Pumpkin Maker:  Free.  I probably will delete this app as it as not as nice as my other app for making pumpkins.
The Very Hungry Pumpkin: Free. You drag a pumpkin around the screen to eat need to avoid monsters. I'll delete this one as well...just not my favorite.

Friday, September 2, 2011

Create a Car

Create a Car is an app that I bought for $.99. You essentially build a car.  You can save your 'cars' to your own garage as well. Once you are finished building your car, you must save it to your can then touch a 'key' button to start the engine and watch the moving parts.  The cool factor with this app is the building process...there are TONS of parts to choose from and some of them are pretty wild!  For example, for an engine, you can choose from options like: nuclear power exchanger, solar turbo inducer, power engine, solar gain fin, etc.  This is the language factor that I love!  Great opportunities to discuss and use descriptive words.  It also presents great opportunities to ask higher level thinking questions, such as: "Why do you think they named it the solar turbo inducer?  What do those words mean to you?"  or "Why did you pick the nuclear power exchanger?"  If students are not at that vocabulary level, we simply don't use those terms and describe the parts based on appearance.
This app is an example of an app that could stand alone as the activity for the session or across multiple sessions.  There is a lot that can be done language-wise with this app. I can address:
  • basic and advanced car vocabulary, parts, etc
  • sequencing: what steps will we need to do?
  • higher level wh- questions:
    • What would you like your car to look like when it is finished? (pre-discusion)
    • Why did you pick _____ part?
    • Why didn't you pick ______ part?
    • What would happen if you didn't add wheels?
    • What will happen if you don't add an engine?  
    • etc.
  • writing activities:  write a step-by-step list of how you built your vehicle, write descriptive sentences about your vehicle
  • comparing/contrasting: use venn diagrams to compare/contrast 2 vehicles from the garage, put into sentences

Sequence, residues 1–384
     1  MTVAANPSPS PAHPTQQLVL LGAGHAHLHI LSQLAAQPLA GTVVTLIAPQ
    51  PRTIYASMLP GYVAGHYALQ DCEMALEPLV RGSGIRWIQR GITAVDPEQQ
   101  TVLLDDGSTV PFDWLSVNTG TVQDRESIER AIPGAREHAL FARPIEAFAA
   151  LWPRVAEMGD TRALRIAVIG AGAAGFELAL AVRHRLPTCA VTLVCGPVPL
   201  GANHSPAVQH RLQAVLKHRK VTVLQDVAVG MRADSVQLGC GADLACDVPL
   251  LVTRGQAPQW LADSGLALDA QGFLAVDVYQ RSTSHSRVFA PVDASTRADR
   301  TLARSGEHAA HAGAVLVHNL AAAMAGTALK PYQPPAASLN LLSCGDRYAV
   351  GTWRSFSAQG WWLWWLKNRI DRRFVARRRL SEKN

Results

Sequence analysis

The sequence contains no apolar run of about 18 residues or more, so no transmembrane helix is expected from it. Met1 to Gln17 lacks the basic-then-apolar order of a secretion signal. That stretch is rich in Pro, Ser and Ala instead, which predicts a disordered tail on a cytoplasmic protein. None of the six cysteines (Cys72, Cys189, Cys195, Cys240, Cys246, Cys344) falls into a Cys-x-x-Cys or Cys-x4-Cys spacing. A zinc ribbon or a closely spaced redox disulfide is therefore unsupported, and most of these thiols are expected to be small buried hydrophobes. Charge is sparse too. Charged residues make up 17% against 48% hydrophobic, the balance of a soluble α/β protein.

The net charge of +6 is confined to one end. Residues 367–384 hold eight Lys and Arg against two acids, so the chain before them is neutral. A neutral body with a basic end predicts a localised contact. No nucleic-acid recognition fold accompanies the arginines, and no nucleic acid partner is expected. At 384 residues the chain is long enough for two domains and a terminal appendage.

• social language and pragmatics: work on building a car as a team or with a partner, target concepts such as teamwork, being flexible in thought, and using/understanding non-verbal communication to select car parts, etc.
I am sure there are dozens of other goals as well!!!


Geared is a FREE app that is wonderful for logic and reasoning skills. There are various levels to work through.  There is always one moving gear and one stationary gear (gear A and B) and you must build a bridge (other gears) to connect them.  Once connected, all of the gears will spin.  To add more challenge, there are slider boxes that you must move in order to drop a gear into place.

How does this app apply to therapy or the classroom?  This app is a great example of higher level thinking skills, analyzing problems, trying multiple strategies until you find a solution, and sometimes...teamwork.  This app can be played individually, with a partner, or even in a group.  At the group level, roles/jobs can be given to each player OR the group can work together on forming a plan of action.  This app is also 'geared' towards trial and error...most players will not likely create the correct bridge on the first attempt at each level.  With students, I emphasize that it is ok to try a may or may not work.  I also make sure to model mistakes and asking for help.  I have also used this app for students who need practicing appropriate reactions to 'small problems'..."misplacing a gear is a small problem and small problems are ok."